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Furious 7 Review: Vroom Vroom, Beep Beep, F*** Yeah

10/10, would Furious again.


If you were to tell me that I would love a movie where the most frequently recurring shots are of Jason Statham looking bored and the part of a lady’s bottom where her legs meet her butt, I wouldn’t believe you. But there’s way more to the Fast and the Furious franchise (and Furious 7 in particular) than meets the furious eye.

Sure, cars fall casually from the sky, everything is on fire always, and the soundtrack boasts a song called “Whip” dedicated to a car, but Furious 7, more so even than its Furious Forefathers,¬†is about people who love each other unselfconsciously (and the way they express said love with their cars).

That’s already an abnormally sincere message for a series that’s mostly just explosions and Vin Diesel deadpanning (“the thing about a street fight is… the street always wins”), but the death of Paul Walker has given the franchise’s “ride together, die together” theme a genuinely touching weight.

It’s a testimony to the Furious movies’ sincerity that even the scenes Walker shot before he passed away in a car accident in 2013 seem elegiac. The entire movie feels like a goodbye, but not one that’s designed to manipulate; I cried a lot, but largely because watching his movies made me feel like I “knew” Walker, and the intense media scrutiny of the cast following his passing has allowed me to feel like I know them, too.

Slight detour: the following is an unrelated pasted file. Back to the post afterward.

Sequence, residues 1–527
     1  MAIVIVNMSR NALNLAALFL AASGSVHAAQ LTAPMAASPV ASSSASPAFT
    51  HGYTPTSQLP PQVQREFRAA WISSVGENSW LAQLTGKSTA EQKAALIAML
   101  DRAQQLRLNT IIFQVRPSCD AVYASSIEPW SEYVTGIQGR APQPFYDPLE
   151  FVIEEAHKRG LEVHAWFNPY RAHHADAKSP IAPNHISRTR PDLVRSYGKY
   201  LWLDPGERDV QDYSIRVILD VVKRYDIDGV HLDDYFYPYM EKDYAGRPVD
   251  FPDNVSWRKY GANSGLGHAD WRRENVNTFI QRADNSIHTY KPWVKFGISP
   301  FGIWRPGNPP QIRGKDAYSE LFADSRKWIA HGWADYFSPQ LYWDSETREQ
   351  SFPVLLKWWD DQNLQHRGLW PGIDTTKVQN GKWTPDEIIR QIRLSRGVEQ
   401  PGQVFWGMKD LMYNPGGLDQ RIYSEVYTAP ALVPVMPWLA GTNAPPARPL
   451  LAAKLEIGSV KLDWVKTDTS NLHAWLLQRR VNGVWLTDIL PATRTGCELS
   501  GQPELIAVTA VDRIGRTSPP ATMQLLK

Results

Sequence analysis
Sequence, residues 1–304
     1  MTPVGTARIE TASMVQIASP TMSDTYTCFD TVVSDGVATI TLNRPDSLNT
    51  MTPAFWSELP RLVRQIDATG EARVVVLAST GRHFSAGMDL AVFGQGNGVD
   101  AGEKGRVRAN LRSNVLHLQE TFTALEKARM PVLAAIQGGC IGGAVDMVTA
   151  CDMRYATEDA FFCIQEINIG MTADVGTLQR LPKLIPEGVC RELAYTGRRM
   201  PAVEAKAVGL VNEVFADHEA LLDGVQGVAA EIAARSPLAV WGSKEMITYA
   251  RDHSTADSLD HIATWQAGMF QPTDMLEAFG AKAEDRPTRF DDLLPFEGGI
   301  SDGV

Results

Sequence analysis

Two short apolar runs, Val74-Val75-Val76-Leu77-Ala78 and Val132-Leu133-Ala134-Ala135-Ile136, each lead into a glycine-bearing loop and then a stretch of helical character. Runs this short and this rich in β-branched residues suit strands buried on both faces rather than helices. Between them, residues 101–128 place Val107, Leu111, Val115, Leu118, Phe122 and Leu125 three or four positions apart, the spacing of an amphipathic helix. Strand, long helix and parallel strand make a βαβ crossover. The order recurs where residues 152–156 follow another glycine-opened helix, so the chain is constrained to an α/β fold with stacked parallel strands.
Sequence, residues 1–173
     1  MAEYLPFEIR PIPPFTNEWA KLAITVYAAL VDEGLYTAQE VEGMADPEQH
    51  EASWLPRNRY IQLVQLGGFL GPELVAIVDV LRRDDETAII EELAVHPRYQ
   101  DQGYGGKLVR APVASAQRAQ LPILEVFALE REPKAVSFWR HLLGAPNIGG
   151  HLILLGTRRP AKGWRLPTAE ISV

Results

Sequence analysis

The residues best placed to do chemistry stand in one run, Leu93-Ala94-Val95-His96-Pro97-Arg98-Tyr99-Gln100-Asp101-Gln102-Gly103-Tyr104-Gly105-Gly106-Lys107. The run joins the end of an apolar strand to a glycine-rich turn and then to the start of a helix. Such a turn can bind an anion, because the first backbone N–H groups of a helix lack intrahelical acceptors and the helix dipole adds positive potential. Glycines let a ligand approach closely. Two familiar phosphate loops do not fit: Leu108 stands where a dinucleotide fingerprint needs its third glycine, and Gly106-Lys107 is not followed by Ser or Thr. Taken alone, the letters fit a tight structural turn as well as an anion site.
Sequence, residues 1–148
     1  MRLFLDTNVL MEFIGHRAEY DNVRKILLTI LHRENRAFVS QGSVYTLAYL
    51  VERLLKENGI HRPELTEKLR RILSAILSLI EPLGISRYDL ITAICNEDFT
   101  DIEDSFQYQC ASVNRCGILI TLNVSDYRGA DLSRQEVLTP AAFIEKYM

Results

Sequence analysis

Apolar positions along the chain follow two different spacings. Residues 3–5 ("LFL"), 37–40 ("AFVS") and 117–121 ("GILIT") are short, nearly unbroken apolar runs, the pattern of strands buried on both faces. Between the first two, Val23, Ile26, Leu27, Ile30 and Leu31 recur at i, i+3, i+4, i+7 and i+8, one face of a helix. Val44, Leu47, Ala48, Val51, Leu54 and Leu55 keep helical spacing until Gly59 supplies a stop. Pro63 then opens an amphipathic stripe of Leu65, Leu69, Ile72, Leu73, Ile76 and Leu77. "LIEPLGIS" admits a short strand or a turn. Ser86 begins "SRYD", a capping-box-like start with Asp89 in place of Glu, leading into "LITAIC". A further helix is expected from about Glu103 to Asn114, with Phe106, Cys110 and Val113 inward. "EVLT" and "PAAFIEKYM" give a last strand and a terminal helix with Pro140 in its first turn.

It’s hard to watch scenes with Walker knowing their little family is headed for real-life loss, and harder still to watch them cope with the fall-out, but Furious 7¬†grieves furiously: this goodbye is full of punching, gyrating, and “Turn Down for What,” and it feels incredibly fitting.


Although it’s hard to imagine what a Furious 8 would be like without Walker, Furious 7 has definitely added some elements to the franchise I’d be excited to see developed further; Nathalie Emmanuel is great as the Furious universe’s version of a hacker, and I’m really beginning to dig the direction Michelle Rodriguez’s character Letty is taking.

I wouldn’t call Furious 7 feminist (except for alliterative purposes), there are just too many butts for that, but I do love how the film’s main female characters are strong, competent ladies who are respected by their partners and community.



And I haven’t even gotten to The Rock’s role in this movie yet, friends. As Vin gargles at one point in the film, “the words haven’t even been invented yet.”

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